I am currently making a satellite tracker app for android. I want to test my orbit propagation algorithm and I want to make some made-up basic orbits, so I need to know how their TLE would be. I want to test:

  • A geosynchronous equatorial orbit (GEO), so Alt-azimuth would always be the same for a fixed observer.
  • Polar orbit (PO), so altitude would be the same for an observer located at one pole of the earth any at any time $t = t_0 + Period*n$, $n \in \mathbb{Z} .$

So I need to know what would be the values of Mean Motion, Argument of Pericenter, Inclination and Right Ascension of Ascending Node.

I already tried with the following data for GEO:

  • $Mean Motion=1.0$
  • $Eccentricity=0.0$
  • $Inclination=0.0$
  • $RightAscension Of Ascending Node=0.0$
  • $Argument Of Pericenter=0.0$

(In the case of PO I guess Inclination would have to be 90 degrees, leaving all the other data unchanged).

But it doesn't seem to work. I don't know if this is an error in my algorithm or if, instead, I just didn't simulate the orbit correctly. I want to find out which are the correct values for those parameters for the orbitals I want. I hope you guys can help me. Thanks in advance.

  • 2
    $\begingroup$ Objects in polar orbits don't stay at the same altitude for a polar observer. Objects in polar orbits will be seen to rise and set regardless of your location on the Planet's surface. The only type of orbit where the object maintains a constant altitude above the horizon for an observer at a chosen point on Earth is a geostationary orbit. $\endgroup$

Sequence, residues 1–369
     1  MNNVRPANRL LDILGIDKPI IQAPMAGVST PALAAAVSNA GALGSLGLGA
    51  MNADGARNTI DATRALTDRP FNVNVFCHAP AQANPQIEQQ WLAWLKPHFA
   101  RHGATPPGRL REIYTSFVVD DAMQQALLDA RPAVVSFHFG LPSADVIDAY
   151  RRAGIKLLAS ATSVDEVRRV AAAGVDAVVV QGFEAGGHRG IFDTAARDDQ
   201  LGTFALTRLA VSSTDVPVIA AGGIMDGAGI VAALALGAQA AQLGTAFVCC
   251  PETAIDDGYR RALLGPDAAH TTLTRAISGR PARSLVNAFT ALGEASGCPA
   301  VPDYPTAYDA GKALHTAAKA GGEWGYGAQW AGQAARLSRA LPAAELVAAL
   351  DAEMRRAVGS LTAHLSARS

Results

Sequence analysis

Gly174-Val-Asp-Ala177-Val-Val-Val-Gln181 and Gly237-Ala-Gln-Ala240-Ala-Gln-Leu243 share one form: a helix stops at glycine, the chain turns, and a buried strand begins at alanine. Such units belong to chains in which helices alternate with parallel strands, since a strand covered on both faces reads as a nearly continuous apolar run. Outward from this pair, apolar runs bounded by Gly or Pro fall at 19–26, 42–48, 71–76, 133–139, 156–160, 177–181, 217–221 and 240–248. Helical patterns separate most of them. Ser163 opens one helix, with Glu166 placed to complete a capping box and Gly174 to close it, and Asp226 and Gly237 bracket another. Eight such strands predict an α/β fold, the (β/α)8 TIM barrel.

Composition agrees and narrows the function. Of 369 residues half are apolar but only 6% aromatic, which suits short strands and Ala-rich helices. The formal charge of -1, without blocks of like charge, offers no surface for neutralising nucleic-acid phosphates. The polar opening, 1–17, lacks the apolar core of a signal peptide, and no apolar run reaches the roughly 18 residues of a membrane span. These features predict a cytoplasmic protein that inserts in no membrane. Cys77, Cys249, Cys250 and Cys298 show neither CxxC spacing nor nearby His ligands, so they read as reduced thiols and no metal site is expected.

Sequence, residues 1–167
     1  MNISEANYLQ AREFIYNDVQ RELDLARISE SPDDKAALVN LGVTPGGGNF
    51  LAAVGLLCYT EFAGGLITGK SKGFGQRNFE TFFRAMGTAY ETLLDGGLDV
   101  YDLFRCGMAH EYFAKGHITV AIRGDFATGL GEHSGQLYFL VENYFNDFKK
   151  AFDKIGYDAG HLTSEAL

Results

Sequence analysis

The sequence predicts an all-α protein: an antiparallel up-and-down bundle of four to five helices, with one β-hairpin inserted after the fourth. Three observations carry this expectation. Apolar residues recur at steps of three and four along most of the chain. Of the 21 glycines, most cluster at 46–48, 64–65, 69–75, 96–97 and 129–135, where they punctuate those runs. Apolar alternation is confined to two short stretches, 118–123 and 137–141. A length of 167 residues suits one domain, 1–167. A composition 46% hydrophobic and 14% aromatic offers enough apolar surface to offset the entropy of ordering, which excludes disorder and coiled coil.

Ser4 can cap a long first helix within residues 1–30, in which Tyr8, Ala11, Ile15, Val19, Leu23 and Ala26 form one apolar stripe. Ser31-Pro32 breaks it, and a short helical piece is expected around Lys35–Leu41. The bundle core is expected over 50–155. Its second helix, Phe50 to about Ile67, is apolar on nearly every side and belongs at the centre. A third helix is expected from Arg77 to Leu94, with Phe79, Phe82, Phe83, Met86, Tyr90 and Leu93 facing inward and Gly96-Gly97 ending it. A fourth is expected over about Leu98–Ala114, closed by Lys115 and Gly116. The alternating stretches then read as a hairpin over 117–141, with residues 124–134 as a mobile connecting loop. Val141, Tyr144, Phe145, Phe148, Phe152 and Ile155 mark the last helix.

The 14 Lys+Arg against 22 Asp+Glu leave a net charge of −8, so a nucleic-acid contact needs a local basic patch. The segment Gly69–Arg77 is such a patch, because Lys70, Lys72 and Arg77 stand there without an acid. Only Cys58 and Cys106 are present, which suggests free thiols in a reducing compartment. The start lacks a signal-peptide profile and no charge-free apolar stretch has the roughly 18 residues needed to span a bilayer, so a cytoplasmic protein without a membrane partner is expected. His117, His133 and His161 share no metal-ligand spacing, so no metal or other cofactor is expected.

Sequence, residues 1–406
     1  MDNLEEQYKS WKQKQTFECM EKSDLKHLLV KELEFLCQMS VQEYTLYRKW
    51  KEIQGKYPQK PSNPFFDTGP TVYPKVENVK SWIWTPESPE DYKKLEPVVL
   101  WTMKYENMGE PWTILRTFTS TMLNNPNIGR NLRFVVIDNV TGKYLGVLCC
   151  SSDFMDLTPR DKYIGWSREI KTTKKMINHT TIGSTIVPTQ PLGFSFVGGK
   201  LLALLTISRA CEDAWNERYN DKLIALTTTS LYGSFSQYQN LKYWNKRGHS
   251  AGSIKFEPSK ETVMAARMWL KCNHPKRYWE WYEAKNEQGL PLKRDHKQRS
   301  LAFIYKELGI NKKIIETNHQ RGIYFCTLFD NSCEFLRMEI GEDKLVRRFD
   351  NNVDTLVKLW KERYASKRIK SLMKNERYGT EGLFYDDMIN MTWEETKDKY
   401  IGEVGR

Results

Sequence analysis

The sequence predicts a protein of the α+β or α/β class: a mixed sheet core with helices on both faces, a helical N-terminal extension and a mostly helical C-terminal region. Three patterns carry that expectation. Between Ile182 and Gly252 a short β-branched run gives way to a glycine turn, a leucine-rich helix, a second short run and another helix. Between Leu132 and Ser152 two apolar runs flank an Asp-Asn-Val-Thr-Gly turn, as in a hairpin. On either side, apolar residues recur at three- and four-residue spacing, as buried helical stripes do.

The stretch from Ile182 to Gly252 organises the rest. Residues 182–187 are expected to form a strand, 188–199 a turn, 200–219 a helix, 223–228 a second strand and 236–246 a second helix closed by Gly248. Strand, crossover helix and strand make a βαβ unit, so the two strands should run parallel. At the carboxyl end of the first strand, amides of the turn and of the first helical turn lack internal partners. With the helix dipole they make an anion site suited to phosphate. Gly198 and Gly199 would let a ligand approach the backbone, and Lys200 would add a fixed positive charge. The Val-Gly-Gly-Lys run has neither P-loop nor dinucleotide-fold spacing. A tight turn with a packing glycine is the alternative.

– notovny
    Aug 3, 2022 at 1:30
  • $\begingroup$ @notovny I meant altitude will be the same at any time t' = t0+ Period*n with n being a whole number. $\endgroup$
    – fas_dev
    Aug 3, 2022 at 1:54
  • $\begingroup$ The only proper way to use TLE data is to use the SPG code. You should be able to find an implementation is almost any language. If you want to write your own, it's best to test against real, known orbits first. $\endgroup$ Aug 3, 2022 at 15:33

1 Answer 1


You should never make your own TLEs. Even if you did manage it, the test conditions you state are incorrect, because you can't use TLEs that way. The effect of earth gravity nonuniformity, gravity of the sun and moon, atmospheric drag, and a bunch of other things are built into the format, and getting them back out again is incredibly painful. It is also unnecessary, because the easy alternative is to use the official tool from the same place you get TLEs.

What you ought to do is register for a free account on https://www.space-track.org , download the SGP4 propagator from https://www.space-track.org/documentation#/sgp4 , pick one of the dozen programming languages supported by that ZIP file, and use it to turn TLEs into other coordinates (Earth fixed or inertial position and velocity, latitude and longitude, azimuth and elevation, etc.) for you.

As for the parameters, they can be almost anything you want. If you choose the bulk download of geosynchronous objects from https://www.space-track.org/#recent , it will select everything with mean motion between 0.99 and 1.01 and eccentricity < 0.01. Inclination for most GEO sats is quite small, but there are a bunch in the 5 to 10 degree range, and a few much higher. RAAN and AOP need to be adjusted together in order to keep the satellite in its ITU-assigned slot, but RAAN is undefined if inclination is zero and AOP is undefined if eccentricity is zero, so try to avoid exact zeros.

  • $\begingroup$ Thank you, this helped! $\endgroup$
    – fas_dev
    Aug 4, 2022 at 1:45

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